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  • Verizon Communications Is My Favorite Idea That Everyone Knows, But That No One Understands [View article]
    To my mind, the author makes an excellent sell/avoid argument. However he is missing the most crucial piece required for any short argument, and that is timing. The author notes that the dividend is high, yet gives no evidence whatsoever that Verizon will lower its NEXT dividend payment. Rather the argument seems to be that Verizon will be growth-challenged over an indeterminate longer term. Thus anyone taking the advice to short the stock would be taking over a 1% hit per quarter (4.4% per year) from the dividend in addition to whatever fees they pay for shorting, and that on a stock which the author correctly points out is very low beta!
    Apr 24, 2015. 10:40 PM | 1 Like Like |Link to Comment
  • Apple: Bear Case From A Bull [View article]
    Very nice article, though I think you may be further ahead of the game than some will realize. The upcoming earnings report could drive the stock substantially higher. Even so, I've noticed some underlying causes that support you general theses about growth and gadgets, both on the hardware

    and software sides
    Apr 24, 2015. 04:14 PM | 2 Likes Like |Link to Comment
  • InvenSense, By The Numbers [View article]
    As discussed in much more detail with subscribers this morning, an Apple Watch teardown has arrived, but as suggested here

    despite a lot of opinions floating around out there, it is quite inconclusive for InvenSense. However, the teardown does finally confirm a suggestion that I was proably the first to make

    namely that this would be Apple's first use of an AMOLED screen.
    Apr 24, 2015. 02:08 PM | 1 Like Like |Link to Comment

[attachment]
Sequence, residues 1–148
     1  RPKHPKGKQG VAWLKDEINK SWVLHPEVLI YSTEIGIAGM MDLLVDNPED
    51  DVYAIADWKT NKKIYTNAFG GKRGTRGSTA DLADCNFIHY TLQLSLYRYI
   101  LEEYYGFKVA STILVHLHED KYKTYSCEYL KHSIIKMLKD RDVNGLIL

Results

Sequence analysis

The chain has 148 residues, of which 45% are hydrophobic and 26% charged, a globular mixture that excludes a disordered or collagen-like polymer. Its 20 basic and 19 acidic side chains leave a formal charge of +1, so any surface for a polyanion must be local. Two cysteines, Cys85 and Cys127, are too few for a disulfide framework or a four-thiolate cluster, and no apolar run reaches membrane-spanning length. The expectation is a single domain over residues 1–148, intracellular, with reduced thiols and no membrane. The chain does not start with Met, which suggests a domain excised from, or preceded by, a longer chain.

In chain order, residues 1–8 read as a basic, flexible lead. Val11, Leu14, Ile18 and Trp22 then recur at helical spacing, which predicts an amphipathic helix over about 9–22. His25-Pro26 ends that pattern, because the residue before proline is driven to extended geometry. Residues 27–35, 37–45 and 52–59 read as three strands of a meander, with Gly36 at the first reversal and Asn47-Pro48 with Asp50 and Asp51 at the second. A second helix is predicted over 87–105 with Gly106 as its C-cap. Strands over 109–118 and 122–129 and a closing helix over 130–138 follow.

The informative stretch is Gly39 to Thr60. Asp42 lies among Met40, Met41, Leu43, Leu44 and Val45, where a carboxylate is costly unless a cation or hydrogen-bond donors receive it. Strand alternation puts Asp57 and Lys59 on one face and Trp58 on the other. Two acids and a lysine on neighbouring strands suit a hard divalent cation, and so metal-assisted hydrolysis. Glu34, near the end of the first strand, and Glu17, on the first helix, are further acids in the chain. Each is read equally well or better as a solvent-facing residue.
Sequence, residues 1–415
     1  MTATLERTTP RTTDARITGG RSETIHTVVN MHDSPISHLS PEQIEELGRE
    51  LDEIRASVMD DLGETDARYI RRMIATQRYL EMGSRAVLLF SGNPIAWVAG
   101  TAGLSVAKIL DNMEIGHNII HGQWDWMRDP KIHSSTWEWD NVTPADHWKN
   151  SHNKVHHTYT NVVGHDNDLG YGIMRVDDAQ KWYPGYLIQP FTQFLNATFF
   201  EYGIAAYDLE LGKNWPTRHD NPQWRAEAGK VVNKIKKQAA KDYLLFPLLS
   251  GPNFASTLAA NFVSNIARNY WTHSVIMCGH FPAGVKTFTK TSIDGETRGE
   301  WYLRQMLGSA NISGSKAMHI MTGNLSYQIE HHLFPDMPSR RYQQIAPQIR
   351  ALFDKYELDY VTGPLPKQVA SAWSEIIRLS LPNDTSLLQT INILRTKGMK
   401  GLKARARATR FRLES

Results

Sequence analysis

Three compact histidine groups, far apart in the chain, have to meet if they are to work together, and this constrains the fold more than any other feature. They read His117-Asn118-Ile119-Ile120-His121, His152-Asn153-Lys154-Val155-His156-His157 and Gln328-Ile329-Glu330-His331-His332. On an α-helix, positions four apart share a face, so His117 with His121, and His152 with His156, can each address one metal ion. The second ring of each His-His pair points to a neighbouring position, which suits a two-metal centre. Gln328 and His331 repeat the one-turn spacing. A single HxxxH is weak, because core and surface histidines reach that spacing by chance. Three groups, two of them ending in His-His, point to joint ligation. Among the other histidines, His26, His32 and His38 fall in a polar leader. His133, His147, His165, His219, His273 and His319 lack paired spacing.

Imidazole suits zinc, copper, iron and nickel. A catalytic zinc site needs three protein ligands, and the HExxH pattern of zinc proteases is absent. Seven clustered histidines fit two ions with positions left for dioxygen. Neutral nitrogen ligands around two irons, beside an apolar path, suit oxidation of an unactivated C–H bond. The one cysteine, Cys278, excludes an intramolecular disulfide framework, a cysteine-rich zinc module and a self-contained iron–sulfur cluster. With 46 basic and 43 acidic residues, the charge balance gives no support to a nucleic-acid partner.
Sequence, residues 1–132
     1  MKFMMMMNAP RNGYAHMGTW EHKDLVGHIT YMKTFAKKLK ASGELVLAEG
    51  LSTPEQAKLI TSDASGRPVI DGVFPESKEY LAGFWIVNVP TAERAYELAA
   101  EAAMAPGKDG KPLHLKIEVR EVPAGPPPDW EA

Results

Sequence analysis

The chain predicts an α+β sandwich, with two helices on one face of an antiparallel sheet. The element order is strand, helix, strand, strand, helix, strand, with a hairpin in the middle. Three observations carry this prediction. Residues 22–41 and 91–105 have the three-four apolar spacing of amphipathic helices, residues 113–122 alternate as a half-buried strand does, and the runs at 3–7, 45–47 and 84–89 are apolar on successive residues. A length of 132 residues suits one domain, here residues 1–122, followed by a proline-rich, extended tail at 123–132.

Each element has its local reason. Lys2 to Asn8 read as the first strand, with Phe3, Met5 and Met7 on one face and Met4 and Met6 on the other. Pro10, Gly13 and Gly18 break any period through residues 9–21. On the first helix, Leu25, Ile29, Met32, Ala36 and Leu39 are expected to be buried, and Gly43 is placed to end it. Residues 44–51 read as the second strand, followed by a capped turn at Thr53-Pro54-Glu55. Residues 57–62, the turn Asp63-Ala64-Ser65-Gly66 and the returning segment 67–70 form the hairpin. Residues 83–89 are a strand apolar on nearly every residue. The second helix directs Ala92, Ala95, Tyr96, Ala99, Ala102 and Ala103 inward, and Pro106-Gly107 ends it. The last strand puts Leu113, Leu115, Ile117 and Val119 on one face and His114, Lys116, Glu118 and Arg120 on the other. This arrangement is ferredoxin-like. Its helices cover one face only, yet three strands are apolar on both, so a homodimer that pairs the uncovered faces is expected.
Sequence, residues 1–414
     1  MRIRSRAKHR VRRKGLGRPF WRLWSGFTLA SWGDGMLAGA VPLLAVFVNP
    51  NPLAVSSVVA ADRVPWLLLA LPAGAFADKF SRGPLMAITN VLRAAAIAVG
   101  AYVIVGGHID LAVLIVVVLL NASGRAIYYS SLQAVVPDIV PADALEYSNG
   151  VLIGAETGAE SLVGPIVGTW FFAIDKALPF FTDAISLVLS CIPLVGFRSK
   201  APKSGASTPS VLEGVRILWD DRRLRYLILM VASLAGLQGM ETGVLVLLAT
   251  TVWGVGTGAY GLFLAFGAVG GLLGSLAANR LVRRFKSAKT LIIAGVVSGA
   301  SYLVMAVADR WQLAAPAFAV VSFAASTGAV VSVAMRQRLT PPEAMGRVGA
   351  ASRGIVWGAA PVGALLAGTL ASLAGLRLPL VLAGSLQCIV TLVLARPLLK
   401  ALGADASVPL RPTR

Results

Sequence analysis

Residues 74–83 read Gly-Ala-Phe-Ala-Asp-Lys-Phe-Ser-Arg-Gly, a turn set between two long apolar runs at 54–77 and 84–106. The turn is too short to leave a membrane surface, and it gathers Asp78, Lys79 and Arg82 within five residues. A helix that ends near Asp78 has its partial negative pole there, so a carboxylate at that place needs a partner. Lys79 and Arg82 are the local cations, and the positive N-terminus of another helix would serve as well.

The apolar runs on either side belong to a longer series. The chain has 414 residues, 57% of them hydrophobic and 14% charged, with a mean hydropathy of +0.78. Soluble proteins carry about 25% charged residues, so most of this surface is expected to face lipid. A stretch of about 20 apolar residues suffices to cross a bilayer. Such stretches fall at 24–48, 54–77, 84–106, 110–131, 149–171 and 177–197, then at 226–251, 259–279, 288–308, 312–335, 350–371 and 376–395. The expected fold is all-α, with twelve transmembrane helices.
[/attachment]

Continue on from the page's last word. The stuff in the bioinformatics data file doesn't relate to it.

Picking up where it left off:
• Energy Recovery, Last Year And This One [View article]
    As discussed in much more detail with subscribers this morning, Energy Recovery has promoted Joel Gay from CFO to CEO.

    This only serves to solidify my opinions about the company seeking a larger partner.
    Apr 24, 2015. 02:02 PM | 1 Like Like |Link to Comment
  • Update: Universal Display's Second Largest Customer Halts Production Due To Accident [View article]
    I was probably the first to suggest that the Apple Watch would be that company's first use of an AMOLED screen.

    As discussed in more detail with subscribers this morning, teardowns give final confirmation on that point.
    Apr 24, 2015. 02:01 PM | Likes Like |Link to Comment
  • InvenSense, By The Numbers [View article]
    888, looking back, you're partially right. I was jumping up and down before the initial drop in INVN shares that came after the initial Apple confirmation. The 2Q15 report came a little more than a month later and I was surprised by it. It then took me a couple of weeks to properly assess the market situation that has played out since. I don't think any of that invalidates the statement from me that you quote above, and I think it's a mischaracterization to say I was giving misguidance on the stock for months. I'm not going to argue the point, though. In an effort to keep comments in this article informative (thank you KrisCo!) and relevant, I'll simply provide links to the public articles that came immediately before

    and after the 2Q15 report

    so that readers can decide for themselves, if they wish to put time into that.
    Apr 23, 2015. 11:41 PM | 2 Likes Like |Link to Comment
  • Apple: Betting Big On The Camera [View article]

    1. OIS penetration rates are still fairly low. Only the 6plus has it now, not the other iPhones. For those who think beyond Apple, it's only hit a small % flagship phones so far. So not having it is (negative) differentiation. It will move across and down the food chain over time.

    2. All OIS is not created equal, see the demo linked from the article. Apple's home-grown OIS does not compare favorably.
    Apr 23, 2015. 08:41 AM | 1 Like Like |Link to Comment
  • Apple: Betting Big On The Camera [View article]
    I agree with nostatic. One minor point of differentiation is that while the camera itself is easily good enough for most, there is evidence (given in the article I already referenced above) that some features surrounding the camera, like OIS, are becoming major points of differentiation in the minds of consumers.
    Apr 23, 2015. 08:12 AM | Likes Like |Link to Comment
  • Apple: Betting Big On The Camera [View article]